Should prospect Anderson make jump to bigs?

Promising 22-year-old could make case for everyday shortstop job

Should prospect Anderson make jump to bigs?

During the upcoming weeks, MLB.com will take a look at a series of questions that could change the White Sox future, both immediate and long term. The first installment looks at Tim Anderson as the team's potential shortstop.

CHICAGO -- The following assessment has been recently attached to Tim Anderson, the White Sox top prospect per MLB.com: supremely talented with an extremely bright future, but not quite big league ready.

Maybe it's time to put that theory to the test and give the 22-year-old right-handed hitter a chance to win the team's everyday shortstop job, even out of Spring Training.

That position became available when the White Sox declined Alexei Ramirez's $10 million option for 2016 and exercised a $1 million buyout. Although Ramirez's tenure hasn't officially come to a close on the South Side, his desire to stay with the White Sox could be superseded by other teams' interest and monetary offers via free agency.

Tyler Saladino seems to be the top in-house option to replace Ramirez, showing excitement to return to his natural position after making an impact at third base in 2015. But Anderson clearly has become a candidate, if not necessarily the frontrunner out of Spring Training.

"Tim had a strong 2015 season in Double-A and is still only 22 years old," said White Sox general manager Rick Hahn via email to MLB.com in regard to Anderson's immediate future. "When we drafted him, it was with the expectation that he would likely be a level-to-level guy for an assortment of reasons.

"However, the good ones have a way of forcing the issue when it comes time for a callup. So we're going to keep an open mind as to his assignments next year."

Anderson, the team's top selection in the 2013 MLB Draft, hit .312 with Birmingham last season. He notched 21 doubles and 12 triples while picking up 49 stolen bases, not to mention scoring 79 runs and driving in 46.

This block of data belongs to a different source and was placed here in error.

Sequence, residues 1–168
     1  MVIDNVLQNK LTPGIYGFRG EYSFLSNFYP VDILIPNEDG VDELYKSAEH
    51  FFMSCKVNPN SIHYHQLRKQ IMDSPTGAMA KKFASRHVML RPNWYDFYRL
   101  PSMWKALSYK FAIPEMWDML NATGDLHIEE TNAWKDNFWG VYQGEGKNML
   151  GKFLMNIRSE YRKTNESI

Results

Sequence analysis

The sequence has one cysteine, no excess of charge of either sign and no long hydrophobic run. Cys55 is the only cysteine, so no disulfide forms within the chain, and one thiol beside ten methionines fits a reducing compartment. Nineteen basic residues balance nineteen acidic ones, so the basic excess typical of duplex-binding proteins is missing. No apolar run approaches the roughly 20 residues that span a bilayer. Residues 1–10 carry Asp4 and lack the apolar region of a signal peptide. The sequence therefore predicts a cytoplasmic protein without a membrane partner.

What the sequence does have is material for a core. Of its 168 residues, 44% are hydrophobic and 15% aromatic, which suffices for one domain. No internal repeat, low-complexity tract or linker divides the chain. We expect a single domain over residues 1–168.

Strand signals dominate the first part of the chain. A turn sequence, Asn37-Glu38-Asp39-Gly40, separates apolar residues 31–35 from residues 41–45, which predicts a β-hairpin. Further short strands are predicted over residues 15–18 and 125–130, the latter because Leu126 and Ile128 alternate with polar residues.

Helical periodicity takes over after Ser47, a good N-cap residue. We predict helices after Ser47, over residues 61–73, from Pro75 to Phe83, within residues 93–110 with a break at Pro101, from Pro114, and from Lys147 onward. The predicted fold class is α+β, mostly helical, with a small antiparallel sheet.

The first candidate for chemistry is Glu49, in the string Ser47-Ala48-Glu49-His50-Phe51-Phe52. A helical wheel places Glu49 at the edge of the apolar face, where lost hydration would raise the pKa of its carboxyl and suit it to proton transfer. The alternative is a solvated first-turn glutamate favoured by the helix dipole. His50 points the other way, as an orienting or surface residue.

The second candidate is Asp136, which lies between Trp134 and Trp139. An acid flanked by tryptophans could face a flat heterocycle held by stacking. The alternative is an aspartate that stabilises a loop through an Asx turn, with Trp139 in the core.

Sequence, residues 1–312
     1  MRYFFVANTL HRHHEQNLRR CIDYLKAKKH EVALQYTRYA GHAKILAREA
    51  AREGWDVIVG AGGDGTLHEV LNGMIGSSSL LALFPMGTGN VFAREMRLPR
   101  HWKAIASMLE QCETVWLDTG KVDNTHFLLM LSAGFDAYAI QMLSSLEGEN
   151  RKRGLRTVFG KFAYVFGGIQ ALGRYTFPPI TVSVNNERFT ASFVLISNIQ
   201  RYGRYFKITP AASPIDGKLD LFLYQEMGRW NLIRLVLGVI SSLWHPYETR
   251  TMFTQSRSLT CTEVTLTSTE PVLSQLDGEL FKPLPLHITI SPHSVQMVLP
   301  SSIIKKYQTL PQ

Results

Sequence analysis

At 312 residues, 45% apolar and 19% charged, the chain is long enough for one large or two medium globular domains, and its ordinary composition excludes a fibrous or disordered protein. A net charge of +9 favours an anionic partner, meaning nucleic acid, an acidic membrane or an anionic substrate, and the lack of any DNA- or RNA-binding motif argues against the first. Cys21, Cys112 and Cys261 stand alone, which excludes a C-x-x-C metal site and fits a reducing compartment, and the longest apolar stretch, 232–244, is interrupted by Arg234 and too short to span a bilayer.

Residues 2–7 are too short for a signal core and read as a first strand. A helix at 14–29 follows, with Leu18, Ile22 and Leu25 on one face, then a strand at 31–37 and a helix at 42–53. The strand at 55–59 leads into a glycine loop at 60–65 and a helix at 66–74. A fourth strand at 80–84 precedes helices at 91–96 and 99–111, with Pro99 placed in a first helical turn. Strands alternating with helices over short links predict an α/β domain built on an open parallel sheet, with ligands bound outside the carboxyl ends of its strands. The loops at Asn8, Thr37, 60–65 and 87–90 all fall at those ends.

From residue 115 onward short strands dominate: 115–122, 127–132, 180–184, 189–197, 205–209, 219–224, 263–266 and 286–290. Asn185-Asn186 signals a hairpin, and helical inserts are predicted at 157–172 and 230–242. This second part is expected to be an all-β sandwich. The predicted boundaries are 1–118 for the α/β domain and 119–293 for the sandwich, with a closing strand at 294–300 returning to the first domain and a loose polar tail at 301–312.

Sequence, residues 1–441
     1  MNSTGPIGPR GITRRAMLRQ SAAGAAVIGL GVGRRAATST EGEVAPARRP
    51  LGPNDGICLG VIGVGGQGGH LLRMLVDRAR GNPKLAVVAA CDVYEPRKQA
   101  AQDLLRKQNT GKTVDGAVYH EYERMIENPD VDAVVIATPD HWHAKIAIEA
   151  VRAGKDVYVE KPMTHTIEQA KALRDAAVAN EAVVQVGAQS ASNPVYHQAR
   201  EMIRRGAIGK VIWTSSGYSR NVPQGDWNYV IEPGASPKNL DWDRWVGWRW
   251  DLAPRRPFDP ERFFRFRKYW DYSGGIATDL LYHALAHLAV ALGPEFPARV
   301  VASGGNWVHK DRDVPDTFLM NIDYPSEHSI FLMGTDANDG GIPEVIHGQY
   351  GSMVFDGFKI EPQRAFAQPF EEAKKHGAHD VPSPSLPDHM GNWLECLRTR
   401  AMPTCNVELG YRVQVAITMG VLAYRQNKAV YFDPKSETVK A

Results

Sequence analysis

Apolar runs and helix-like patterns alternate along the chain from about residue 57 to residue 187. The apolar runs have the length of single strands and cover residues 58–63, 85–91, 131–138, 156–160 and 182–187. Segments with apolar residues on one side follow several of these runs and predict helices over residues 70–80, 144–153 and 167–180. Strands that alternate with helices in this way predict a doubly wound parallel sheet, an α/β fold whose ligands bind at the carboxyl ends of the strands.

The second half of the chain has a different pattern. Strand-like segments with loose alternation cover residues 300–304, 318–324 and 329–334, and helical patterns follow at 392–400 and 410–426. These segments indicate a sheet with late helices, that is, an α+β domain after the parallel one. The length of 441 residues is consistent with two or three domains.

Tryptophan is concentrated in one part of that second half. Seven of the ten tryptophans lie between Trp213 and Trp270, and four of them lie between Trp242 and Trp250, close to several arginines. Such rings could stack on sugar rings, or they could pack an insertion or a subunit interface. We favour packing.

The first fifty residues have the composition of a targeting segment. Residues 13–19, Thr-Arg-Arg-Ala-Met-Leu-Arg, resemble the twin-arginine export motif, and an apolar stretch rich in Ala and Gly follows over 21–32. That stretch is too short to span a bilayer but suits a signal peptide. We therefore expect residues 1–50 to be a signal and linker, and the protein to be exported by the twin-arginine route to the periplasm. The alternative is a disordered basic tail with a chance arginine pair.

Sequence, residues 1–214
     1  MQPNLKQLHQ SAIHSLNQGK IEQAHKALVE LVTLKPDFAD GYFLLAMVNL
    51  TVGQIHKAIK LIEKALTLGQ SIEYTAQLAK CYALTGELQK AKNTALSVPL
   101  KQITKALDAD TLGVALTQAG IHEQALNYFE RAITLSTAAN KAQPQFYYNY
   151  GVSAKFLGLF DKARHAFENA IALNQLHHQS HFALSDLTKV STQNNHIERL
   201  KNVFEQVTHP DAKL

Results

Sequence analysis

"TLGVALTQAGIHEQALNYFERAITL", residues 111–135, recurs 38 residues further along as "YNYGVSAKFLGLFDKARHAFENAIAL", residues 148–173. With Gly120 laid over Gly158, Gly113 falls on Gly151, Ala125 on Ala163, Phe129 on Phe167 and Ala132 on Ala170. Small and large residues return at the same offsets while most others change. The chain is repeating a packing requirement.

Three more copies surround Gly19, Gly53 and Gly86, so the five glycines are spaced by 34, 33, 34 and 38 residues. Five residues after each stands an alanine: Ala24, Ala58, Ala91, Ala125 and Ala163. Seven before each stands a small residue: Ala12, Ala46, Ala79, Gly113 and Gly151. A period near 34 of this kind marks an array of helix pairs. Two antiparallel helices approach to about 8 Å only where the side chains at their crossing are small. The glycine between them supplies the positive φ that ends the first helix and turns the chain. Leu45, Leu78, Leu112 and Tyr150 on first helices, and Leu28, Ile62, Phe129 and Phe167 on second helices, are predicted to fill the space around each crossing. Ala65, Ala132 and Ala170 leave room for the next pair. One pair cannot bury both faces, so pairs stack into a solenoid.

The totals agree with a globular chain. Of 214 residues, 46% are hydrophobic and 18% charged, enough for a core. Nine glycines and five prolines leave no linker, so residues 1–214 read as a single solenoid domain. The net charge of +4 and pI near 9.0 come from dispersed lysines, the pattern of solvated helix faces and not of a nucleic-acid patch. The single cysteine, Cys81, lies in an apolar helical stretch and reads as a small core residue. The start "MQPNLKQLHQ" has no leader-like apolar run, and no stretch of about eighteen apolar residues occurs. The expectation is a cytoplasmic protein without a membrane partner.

Playing in the Southern League stands as Anderson's highest level, but numerous top young talents make the jump from that point to the Majors. Anderson could energize the team, as Carlos Correa did for the Astros; Kyle Schwarber, Kris Bryant and Addison Russell did for the Cubs; Francisco Lindor did for the Indians; and Miguel Sano did for the Twins, as a few examples.

"It injects enthusiasm into the club," said White Sox director of amateur scouting Nick Hostetler, who scouted Anderson. "It shows the veterans that there are young guys that are going to be pushing them. It raises everybody's game and gives you that sense of now, but you are still looking at your future and thinking to yourself, 'This is going to be fun for a lot of years.'"

Defense remains a decided work in progress for Anderson, who has committed 78 Minor League errors. The focus falls upon consistently making the routine plays, which comes with time and repetition, just as gaining greater mastery of the strike zone offensively should follow.

A strong likelihood doesn't presently exist for Anderson to break camp as the White Sox starting shortstop. But he shouldn't be far away, possessing the constitution to handle a first potential real dealing with failure even at the highest of levels.

"We all feel that Tim is able to make adjustments, not only physically but mentally," Hostetler said. "We all definitely feel that he's got that 'it' factor. He's a leader."

Scott Merkin is a reporter for MLB.com. Read his blog, Merk's Works, follow him on Twitter @scottmerkin and listen to his podcast. This story was not subject to the approval of Major League Baseball or its clubs.